Picture it: The loading dock of the city’s largest food bank is shrouded in silence. Pallets of food are stacked inside, draped with cobwebs, waiting for volunteers who will never come to unload them. The food bank is now a relic of a bygone era—when people befallen by any number of ills needed help feeding their families. From a window above, a boy’s face appears. “Haven’t you heard?” he shouts. “Poverty is over!”
Okay, okay—I know this is absurd. But does the Trump administration?
Earlier this month, its Council of Economic Advisers released a report defending its proposals for stricter work requirements in major social safety net programs, including the Supplemental Nutrition Assistance Program (SNAP, formerly known as food stamps). If you’ve been following the 2018 farm bill reauthorization, you’ll recall that a host of unnecessary and punitive work requirements were included in the House bill. The White House report justifies these work requirements by citing a decline in self-sufficiency alongside a decline in material hardship—in other words, many households continue to participate in public assistance programs, despite the fact that their purchasing power seems to be increasing on the whole. And it’s under this pretense that the authors make a dangerous claim: the “war on poverty” has been successful, and is effectively over.
We’ve discussed the work requirements contained in the House bill—by and large, they’re built on misinformation, prejudice, and partisan ideology. But this inaccurate and wildly irresponsible declaration of victory over poverty in America warrants a discussion of its own.
In a country of wealth and abundance, everyone should be able to eat
The new White House report contends that “most” people in the United States now have their basic needs met, and that’s true. But while more than 99 percent of us have housing on any given night, that still leaves more than half a million people on the streets. Similarly, “only” 4.6 percent of people live in households with very low food security—meaning an unthinkable 15 million people worry that their food will run out, cut back on portions, or skip meals altogether with some regularity. (This doesn’t include the additional 27 million people living in households with low food security.)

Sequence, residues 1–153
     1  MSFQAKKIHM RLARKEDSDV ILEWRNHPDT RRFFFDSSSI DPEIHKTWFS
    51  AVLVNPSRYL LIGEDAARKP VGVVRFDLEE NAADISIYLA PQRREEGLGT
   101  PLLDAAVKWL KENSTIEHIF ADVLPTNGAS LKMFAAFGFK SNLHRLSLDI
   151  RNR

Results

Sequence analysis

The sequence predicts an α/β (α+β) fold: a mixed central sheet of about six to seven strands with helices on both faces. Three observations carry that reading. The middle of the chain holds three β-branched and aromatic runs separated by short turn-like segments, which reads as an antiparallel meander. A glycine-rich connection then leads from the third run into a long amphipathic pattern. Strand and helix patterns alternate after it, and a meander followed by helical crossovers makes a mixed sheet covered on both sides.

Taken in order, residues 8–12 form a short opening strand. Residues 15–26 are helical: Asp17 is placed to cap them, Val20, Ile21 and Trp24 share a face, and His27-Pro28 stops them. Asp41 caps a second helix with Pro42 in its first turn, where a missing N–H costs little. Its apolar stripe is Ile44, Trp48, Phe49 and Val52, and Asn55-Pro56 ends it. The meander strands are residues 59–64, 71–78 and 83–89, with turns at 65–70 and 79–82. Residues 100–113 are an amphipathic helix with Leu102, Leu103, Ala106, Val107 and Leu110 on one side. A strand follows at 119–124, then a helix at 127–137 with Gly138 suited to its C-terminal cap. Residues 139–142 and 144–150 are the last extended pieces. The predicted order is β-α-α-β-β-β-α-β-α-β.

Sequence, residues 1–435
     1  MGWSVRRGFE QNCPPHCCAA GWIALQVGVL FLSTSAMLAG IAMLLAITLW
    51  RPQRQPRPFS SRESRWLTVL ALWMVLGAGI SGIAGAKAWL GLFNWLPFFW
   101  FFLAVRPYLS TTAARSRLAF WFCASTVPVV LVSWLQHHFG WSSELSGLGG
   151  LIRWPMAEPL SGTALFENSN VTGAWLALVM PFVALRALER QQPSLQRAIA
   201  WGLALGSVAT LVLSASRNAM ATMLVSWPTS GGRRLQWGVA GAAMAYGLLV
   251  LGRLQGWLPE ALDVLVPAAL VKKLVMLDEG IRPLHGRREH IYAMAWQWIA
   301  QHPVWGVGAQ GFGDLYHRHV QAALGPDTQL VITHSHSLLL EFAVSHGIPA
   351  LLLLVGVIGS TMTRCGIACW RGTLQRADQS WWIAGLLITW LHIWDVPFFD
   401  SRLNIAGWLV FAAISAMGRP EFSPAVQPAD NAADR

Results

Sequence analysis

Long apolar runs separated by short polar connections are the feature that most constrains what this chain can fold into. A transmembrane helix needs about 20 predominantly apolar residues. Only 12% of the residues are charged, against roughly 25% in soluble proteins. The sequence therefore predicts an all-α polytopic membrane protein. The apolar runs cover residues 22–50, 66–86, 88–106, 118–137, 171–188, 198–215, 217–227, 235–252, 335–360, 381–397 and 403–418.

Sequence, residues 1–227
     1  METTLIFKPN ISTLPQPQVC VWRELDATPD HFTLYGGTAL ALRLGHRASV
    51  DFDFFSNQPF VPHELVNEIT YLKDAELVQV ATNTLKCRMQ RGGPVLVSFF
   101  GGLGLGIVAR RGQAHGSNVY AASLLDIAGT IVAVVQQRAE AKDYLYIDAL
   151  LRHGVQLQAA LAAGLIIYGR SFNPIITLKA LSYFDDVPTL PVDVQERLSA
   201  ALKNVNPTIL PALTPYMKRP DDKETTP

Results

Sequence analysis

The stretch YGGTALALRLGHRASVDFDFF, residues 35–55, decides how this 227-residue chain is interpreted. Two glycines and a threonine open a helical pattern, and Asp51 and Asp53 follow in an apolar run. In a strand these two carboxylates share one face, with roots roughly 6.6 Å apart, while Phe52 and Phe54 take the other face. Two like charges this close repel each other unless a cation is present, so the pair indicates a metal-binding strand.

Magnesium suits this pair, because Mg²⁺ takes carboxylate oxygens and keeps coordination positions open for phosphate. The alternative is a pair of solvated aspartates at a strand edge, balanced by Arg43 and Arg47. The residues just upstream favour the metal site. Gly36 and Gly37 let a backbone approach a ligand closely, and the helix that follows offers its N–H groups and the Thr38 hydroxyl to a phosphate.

Caring only about what happens to most of us isn’t good enough in one of the wealthiest and most resource-abundant countries in the world—particularly when the “few” represent millions of people struggling to get by, with prospects for upward mobility that are increasingly bleak.
Prosperity is more than the absence of poverty, and it’s getting harder to come by
The administration correctly identifies that there are many able-bodied, working-age adults who don’t have consistent employment, but it’s wrong in naming “the American work ethic” as the culprit. The reality is that it’s getting harder and harder to climb the economic ladder—particularly if you’re starting at the bottom rung.
A new report from the Economic Policy Institute (EPI) shows that income inequality—the gulf between the haves and have-nots—continues to widen in every state, as it has since the 1970s. On average, those in the top 1 percent of US families by income earned 26.3 times more than the those in the bottom 99 percent. Not 26.3 percent more; 26.3 times more. As the authors state, “The gains of those at the top have come at the expense of the vast majority of working families.”
And the inequitable distribution of income affects some families more than others. Structural racism remains a powerful force that keeps doors to opportunity closed to people of color. A recent report found that rates of home ownership and unemployment among black Americans have remained virtually unchanged for the last five decades. Over the same time period, the share of black Americans in prison or jail nearly tripled and currently outpaces the incarceration rate of white Americans by a factor of six.
Asserting that the state of economic well-being in this country is just fine, thank you, should elicit the same response as the declaration to Make America Great Again. For whom?
SNAP helps with more than just food – and it needs our support
Until our country gets its act together, we need to maintain a strong social safety net—and SNAP is a critical part of that safety net. Every year, it helps millions of households put food on the table. But more importantly, as we’ve shown, it also enables people to set aside more of their income for other necessities like housing, utilities, and transportation—as well as things like education, which is a key contributor to higher income and lifetime earnings.
As the 2018 farm bill enters a critical stage of negotiations, the fate of SNAP hangs in the balance. The best thing we can do for the millions of families across the United States who face the very real consequences of poverty—whether temporary or persistent—is to ask our senators and representatives to reject the draconian and ill-advised work requirements contained in the House version of the bill, and to adopt the Senate bill instead. Visit our website to take action today.